Everglades guide discusses the 5 components that make up the core of a fly fishing rig
In some ways, fly fishing is simpler than its standard rod/reel counterpart – you only have one type of bait (…the fly) and the casting action seems simpler once you get used to it.
When you get into the thick of it though, a fly fishing rig can be more complicated, especially when it comes to its core parts, namely the line and the fly at the end of it. It’s easy to think that it’s as simple as the line around the spool with a fly attached to the end, but as we’ll explain below, it’s a little more involved than that.
Besides this different setup, the methods for delivering your bait to the water are much different.
Instead of casting or throwing your bait into the water and waiting for a bite, a fly fishing guide or angler in the Everglades will spot the fish from their boat before any casts are made. These major differences are one reason why many anglers do not pursue fly fishing – it would be too cumbersome and expensive to learn a completely new setup, methodology, etc.
With that said, and without further ado, we want to invite you to continue reading for a brief summary of the 5 parts or components of a basic fly fishing setup.
- Backing – Unlike your typical rod and reel, the “line” you put around the spool of your fly rod isn’t standard monofilament fishing line but rather a high strength material called dacron. This “backing” as it’s known will be the first thing you put on your reel. The backing serves two purposes – one, it fills up space so you will be able to reel your line in quickly, which is critical when trying to land a fish. Secondly, the backing ensures you won’t run out of line if you snag a ferocious Snook or Tarpon who takes off once they’re hooked. The backing helps ensure your line will not break if a fish pulls all of your line out of the reel.
- Fly line – Attached to your backing by way an albright or nail knot, the fly line is what you actually cast into the water. Before casting the fly, you will pull a certain amount of line out that is roughly the distance you want to cast. The fly line is weighted so it can go the distance it needs to – lighter lines are for shorter casts while heavier ones are made for longer ones. There are also four types of fly line: full-float, partial-float, sinking of differing rates and full-sinking. In saltwater and Everglades fly fishing, an experienced guide will usually recommend a heavier line.
- Butt section – The butt section is basically a thicker piece of line that attaches to your main fly line and is only a foot or two long. While not required, having a butt section on your rig means you only need to tie the albright knot once. Attaching your leader directly to a fly line means you will constantly be gnawing away at the end of your fly line each time you change the leader. As your Everglades fly fishing guide can attest, the line isn’t cheap, at least if you want quality that will not fail you in a jam.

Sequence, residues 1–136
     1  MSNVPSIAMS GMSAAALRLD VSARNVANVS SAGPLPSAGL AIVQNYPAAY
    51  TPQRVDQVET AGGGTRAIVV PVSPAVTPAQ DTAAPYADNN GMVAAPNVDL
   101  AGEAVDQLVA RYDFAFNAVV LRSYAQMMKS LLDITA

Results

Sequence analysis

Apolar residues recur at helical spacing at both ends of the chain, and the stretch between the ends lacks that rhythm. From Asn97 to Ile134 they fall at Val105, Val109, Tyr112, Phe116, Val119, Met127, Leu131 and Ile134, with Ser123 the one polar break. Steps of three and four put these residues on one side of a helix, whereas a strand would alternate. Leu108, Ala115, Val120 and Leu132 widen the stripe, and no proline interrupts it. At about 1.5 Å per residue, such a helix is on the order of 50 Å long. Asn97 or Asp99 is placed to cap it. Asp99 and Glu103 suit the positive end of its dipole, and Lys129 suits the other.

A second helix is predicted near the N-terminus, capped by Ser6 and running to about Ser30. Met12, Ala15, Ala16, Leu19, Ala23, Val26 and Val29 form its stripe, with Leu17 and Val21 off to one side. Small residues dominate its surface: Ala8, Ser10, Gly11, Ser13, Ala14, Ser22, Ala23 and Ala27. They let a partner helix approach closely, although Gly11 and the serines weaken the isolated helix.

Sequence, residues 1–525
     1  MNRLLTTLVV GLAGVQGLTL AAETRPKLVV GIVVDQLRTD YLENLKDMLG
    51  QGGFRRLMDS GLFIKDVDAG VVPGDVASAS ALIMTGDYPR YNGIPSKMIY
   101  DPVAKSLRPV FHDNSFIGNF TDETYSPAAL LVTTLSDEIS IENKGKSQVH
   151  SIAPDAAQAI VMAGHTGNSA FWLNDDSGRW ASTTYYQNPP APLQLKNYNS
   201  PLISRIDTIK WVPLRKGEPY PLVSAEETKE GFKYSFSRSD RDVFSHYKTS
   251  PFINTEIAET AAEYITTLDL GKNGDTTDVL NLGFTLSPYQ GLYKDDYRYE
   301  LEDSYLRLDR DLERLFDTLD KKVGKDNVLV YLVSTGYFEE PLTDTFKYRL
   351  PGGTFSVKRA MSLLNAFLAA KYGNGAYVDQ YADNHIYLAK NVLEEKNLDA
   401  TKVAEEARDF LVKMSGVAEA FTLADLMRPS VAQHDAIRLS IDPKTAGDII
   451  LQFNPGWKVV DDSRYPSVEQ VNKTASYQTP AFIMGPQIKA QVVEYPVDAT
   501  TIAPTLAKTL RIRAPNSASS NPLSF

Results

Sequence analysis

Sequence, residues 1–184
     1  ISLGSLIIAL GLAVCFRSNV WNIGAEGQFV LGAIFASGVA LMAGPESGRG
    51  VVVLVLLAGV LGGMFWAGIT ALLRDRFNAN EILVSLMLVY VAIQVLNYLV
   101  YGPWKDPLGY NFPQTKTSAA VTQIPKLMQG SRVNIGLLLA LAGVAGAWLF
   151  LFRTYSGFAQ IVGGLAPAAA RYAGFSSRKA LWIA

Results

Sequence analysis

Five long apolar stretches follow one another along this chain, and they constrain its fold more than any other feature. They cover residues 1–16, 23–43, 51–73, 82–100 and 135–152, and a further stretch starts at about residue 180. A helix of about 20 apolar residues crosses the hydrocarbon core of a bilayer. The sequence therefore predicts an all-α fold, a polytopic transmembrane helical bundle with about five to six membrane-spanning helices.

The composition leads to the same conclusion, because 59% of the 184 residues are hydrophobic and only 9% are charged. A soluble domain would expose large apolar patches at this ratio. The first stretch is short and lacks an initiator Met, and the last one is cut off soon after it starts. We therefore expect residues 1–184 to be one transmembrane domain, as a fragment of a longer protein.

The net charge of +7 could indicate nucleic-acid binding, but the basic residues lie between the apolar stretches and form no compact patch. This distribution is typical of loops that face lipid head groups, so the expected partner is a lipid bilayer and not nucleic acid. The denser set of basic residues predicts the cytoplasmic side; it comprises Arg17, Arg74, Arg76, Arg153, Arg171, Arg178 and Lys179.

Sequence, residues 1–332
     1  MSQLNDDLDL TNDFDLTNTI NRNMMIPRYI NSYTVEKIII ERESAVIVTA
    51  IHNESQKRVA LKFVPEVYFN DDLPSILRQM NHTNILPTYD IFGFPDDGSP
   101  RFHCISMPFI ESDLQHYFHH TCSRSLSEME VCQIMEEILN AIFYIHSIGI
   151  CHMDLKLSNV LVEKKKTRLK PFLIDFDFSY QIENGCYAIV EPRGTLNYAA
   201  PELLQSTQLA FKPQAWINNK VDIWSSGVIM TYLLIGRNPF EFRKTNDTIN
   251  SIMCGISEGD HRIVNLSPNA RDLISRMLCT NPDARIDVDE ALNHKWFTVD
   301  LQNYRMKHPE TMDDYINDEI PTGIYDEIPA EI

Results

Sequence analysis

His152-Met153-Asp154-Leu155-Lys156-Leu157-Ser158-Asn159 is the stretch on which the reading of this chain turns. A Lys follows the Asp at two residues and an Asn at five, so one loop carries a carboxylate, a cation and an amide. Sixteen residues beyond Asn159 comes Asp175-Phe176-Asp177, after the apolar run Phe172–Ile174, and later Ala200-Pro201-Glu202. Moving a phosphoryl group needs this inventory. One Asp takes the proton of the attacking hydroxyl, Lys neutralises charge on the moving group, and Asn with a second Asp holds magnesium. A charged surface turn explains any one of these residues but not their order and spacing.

- Leader – This part of your fly fishing rig helps ensure your line doesn’t bunch up over your fly once you cast it into the water. It consists of monofilament line that is thicker at the butt section and tapers to a thinner piece of line toward the end. The leader can range in weight from as low as 4 pound test to 40 pounds. Modern leaders are machine fabricated, but prior to these advances, the leader had to be tied one-by-one through a series of knots. The tapering allows the line to roll smoothly as you cast. Again, without a leader, all you’ll have is a tangled mess in the water.
- Tippet – This part of the fly fishing line setup isn’t always needed, but it’s nice to have. The tippet is approximately 2 feet long and the last piece before your actual fly. It isn’t as strong as your leader, but is meant to break off under a heavy load and thus protect your leader. The tippet also helps transfer energy from your fly line and helps trick the fish since they won’t be able see any line attached to your fly.
If you’re new to fly fishing and a little bit confused, that’s okay. A good fly fishing guide in the Everglades or cold mountain stream will be able to explain what all of these components do. It isn’t necessary for you to know how to tie all of these together or even fully understand their function. What is necessary is to relax, listen to your guide and have fun spotting Redfish, Snook or Trout and casting directly to them.
Capt. Paul Nocifora is an Everglades fly fishing guide with many years of experience helping anglers of all levels enjoy fishing the waters around Chokoloskee, Marco Island and the Ten Thousand Islands. He is a big advocate of catch & release, and works tirelessly to ensure fish populations remain plentiful and healthy. Visit GladesFlyFishing.com to learn more or contact Capt. Nocifora to schedule your trip today.